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Part of a Movement: Today’s Civil Rights Battles

Each year we honor the work of Reverend Dr. Martin Luther King Jr. a passionate man who brought thousands together in a movement to achieve equality.  Dr. King and the civil rights movement paved the way for other segmented groups to fight for equality and fairness in America.  The spark lit by Dr. King lasted for decades as the feminist, gay liberation, and Chicano movements gained momentum throughout the 60s and 70s.   The twenty years following this robust period of protests and picket lines yielded little organized action or movement.

Recently, however, the model created by Dr. King and the civil rights movement has been resurrected and the power of protest is once again giving a common voice to the people.  Grassroots movements have sprung into action across the country, and the world, during the past year, so much so that TIME magazine named the protester the ‘Person of the Year’ in 2011. Issues ranging from economic inequality to voter rights have been subjects of concern and as we honor and remember the legacy of Martin Luther King, we examine the movements that have formed more than 40 years after his passing.

Many milestones were marked in 2011 for the LGBT equality movement as Don’t Ask, Don’t Tell officially ended, New York state legally recognized gay marriage, and the Justice Department announced that they would no longer defend the federal Defense of Marriage Act.  Those fighting for equality continue to gain momentum and a foothold as one of the nation’s most active civil rights campaigns as they actively lobby to repeal the Defense of Marriage Act as well as push state initiatives as states including Maryland and Washington consider making gay marriage legal. The Human Rights Campaign has been a leading source of information for those interested in the movement.

In response to state laws passed in 2011, there are number of movements forming throughout the country as voter identification laws go into effect.  As highlighted by the Brennan Center for Justice, these laws, which require voters to present government certified photo identification before casting their ballot, isolate blacks, Hispanics, senior citizens, those with disabilities and the poor as these groups are less likely to have the necessary ID now required.   Additionally these laws, which were passed in Kansas, Tennessee, Rhode Island and Texas, have limited the number of early voting days and instituted stricter registration processes.  Civil rights groups, as well as minority and labor groups, have organized protests and demonstrations across the country to call attention to these laws and demand that the Department of Justice, which has already rejected a similar law in South Carolina, block the laws.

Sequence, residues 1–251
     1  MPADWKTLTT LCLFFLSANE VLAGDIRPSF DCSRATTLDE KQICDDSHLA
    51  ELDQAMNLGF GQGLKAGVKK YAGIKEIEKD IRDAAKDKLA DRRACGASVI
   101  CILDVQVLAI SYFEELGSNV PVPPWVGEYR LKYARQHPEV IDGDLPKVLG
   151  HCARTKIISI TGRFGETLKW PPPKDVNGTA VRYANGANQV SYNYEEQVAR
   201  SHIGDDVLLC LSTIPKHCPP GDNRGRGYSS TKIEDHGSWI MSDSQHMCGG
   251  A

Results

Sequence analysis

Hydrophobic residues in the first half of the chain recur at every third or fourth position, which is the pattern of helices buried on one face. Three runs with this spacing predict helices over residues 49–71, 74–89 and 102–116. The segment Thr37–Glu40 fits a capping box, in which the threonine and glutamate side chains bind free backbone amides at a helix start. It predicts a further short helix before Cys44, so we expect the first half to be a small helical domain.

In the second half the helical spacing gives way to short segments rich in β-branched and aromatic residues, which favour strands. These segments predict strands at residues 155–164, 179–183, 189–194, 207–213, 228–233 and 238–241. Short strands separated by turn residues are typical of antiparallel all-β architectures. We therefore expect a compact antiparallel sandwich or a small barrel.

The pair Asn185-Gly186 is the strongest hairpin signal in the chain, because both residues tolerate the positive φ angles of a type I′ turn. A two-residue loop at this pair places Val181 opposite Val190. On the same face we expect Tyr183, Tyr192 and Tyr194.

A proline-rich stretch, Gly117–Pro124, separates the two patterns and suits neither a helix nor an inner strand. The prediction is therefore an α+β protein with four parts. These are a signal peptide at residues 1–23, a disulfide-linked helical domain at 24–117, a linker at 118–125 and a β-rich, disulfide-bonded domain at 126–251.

Starting as a small protest late last summer, Occupy Wall Street has blossomed into an international phenomenon, bringing thousands of frustrated individuals together to voice their concerns about the economy, government, social inequality and the future of the United States and the world.  While this movement has generated a tremendous following and support over the last few months, it has struggled to present common goals or wants in order to accomplish from the movements.  A leaderless movement comprised of the 99%, a number of organizers have been instrumental in engaging support from key groups such as labor unions as well as obtaining order through general assembly meetings.  This movement may still be too young to pinpoint how their actions will impact the country, but similar movements in the past have launched the careers of many of today’s top civil rights leaders, and with protests planned for throughout the spring, we are sure to see this movement continue to develop and grow.   

As we reflect on and honor the impact of Dr. Martin Luther King, we look toward an exciting time as movements committed to social causes and changes again become part of everyday culture.

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